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Winner: Sundance Film Festival - Short Subject Jury Award
Winner: Newport International Film Festival - Best Short Film
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Tuesday, June 30, 2009


Did an interview with CBC this morning, which was an interesting process. In the end we left off talking about fashion in terms of eating disorders, and about the obesity epidemic. Not sure this is the whole picture. Anorexia exists in places where large bodies are celebrated, and is usually associated with OCD. The same medication can be used for treatment of either. It can be easy to talk about body image in terms of extreme cases – and this almost let’s us off the hook. I’m really interested in images and perception – in what messages are coming at us – and how this affects how we see ourselves and each other.

In terms of advertising it’s all art and fantasy – but fantasy that needs us to think it’s real. Images are photoshopped “to death” but traces of imperfection are left in to make us think it’s real – or attainable. Attainable through a product. In an interview a re-toucher said:

"What you're looking for as a retoucher is a broom, something that covers your tracks. Some way of obscuring where you've been. And the first thing that people take out is the bloodshot-eyes, that's the last thing that I take out or just wipe, because that just makes it look retouched. So you stay away from those obvious makers that show that you've been there…That’s real and compelling, and the fact that I leave that in makes it seem more real."

There are some talented retouchers out there, and I would like to see how we react if they were given a credit in magazines.

We also talked about Elle magazine's recent publication of images without photoshop. And it made me wonder whether the discussion should be flipped. Maybe it’s the fantasy, or the perfected image, that’s competing with real life.

Wednesday, June 17, 2009

NCGS Conference

Headed on the bus (wifi!) with Trish to the National Coalition of Girl's Schools conference. Presenting a video that I directed for their opening night.
Interested in talking to teachers about how they use films in the classrooms. Do they stream films, or always use DVDs? And, how do "smartboards" work?

Monday, June 15, 2009

Vogue editor launches new war on size-zero fashion

by Will Pavia

The editor of Vogue has accused some of the world’s leading catwalk designers of pushing ever thinner models into fashion magazines despite widespread public concern over “size-zero” models and rising teenage anorexia.

Alexandra Shulman, one of the most important figures in the multi-billion-pound fashion industry, has taken on all the largest fashion houses in a strongly worded letter sent to scores of designers in Europe and America. In a letter not intended for publication but seen by The Times, Shulman accuses designers of making magazines hire models with “jutting bones and no breasts or hips” by supplying them with “minuscule” garments for their photoshoots. Vogue is now frequently “retouching” photographs to make models look larger, she said....continue reading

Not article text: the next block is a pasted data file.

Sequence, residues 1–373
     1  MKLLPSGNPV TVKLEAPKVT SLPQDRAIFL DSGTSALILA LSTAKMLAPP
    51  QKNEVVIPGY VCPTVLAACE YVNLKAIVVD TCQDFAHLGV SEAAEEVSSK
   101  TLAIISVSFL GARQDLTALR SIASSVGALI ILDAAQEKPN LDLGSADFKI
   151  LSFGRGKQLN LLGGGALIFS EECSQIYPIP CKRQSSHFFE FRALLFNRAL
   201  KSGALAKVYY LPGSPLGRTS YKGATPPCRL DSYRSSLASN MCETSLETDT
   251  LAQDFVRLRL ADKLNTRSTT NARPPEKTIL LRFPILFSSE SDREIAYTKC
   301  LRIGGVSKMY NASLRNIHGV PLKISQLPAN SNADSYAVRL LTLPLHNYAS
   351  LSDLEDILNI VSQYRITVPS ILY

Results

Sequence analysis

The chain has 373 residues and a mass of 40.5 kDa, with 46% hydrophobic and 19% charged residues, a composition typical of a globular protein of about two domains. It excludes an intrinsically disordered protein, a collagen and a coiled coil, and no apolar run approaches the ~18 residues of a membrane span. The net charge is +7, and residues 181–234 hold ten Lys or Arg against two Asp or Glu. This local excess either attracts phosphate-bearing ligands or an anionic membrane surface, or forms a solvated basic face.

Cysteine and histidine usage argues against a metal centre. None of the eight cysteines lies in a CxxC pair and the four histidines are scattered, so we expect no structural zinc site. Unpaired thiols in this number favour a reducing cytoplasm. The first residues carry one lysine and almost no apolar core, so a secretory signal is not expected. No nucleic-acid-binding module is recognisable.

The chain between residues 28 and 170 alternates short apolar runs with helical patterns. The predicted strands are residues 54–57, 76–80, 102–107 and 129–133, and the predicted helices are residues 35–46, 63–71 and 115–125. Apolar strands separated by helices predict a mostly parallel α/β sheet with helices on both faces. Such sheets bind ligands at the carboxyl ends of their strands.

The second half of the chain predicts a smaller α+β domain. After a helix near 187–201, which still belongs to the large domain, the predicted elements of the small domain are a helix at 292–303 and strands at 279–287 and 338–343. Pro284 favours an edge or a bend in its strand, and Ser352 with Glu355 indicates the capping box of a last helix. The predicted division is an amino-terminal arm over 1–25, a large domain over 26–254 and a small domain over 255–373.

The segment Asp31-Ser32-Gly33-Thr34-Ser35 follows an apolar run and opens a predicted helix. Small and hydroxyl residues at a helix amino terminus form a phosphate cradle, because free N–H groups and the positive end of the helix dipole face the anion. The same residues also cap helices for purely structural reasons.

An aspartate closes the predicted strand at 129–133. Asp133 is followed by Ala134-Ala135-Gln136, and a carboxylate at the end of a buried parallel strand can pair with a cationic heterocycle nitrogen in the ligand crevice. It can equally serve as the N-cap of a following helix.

Absolutely Fashionable

Donald Schwartz from Imagelink Productions in Brooklyn just sent the
link to his wife's work. Looks like a pretty incredible installation:

Saturday, June 6, 2009

Be part of the film project!

I'm thrilled that New Day Films just accepted 34x25x36 into the collection! So all three films will be distributed on one DVD. Each film is one piece of a larger story -- and designed to raise a specific discussions -- and I am excited for them to

During a very lively discussion around how teachers can best use these films in classrooms (here at the New Day Films annual meeting), I am planning to create a new website that includes videos showing teachers using the films -- and leading post-screening discussions.

If you are planning to use any one of the films in your classroom and want to be part of the videos let me know.


Friday, June 5, 2009

New Day Films new website!

Greetings from the New Day Films annual meeting in Northern California. We are excited about the launch of our new website. New Day is a coop -- a filmmaker owned & operated distribution business and this website had to be decided on collectively. Took a while but happy it is up.

check it out if you have a sec.

Founding members Julia Reichert, Jim Klein, Liane Brandon


Formed in 1971, New Day sustains many of the ideas of those times: collaboration, hope, social change:

The feminist movement had just arrived. And a group of independent filmmakers could not find distribution for their feminist films.

“We met at the 1971 Flaherty Seminar, where some of our films were programmed,” recalled founding member Amalie Rothschild. “I was in production with It Happens to Us. I'd been trying to get distribution for Woo Who? May Wilson. I'd take it to non-theatrical distribution companies and they'd say 'It's wonderful, dear, we really like it. But there's no audience...’ ”

Founding members Julia Reichert and Jim Klein had already started self-distributing their film, Growing Up Female.

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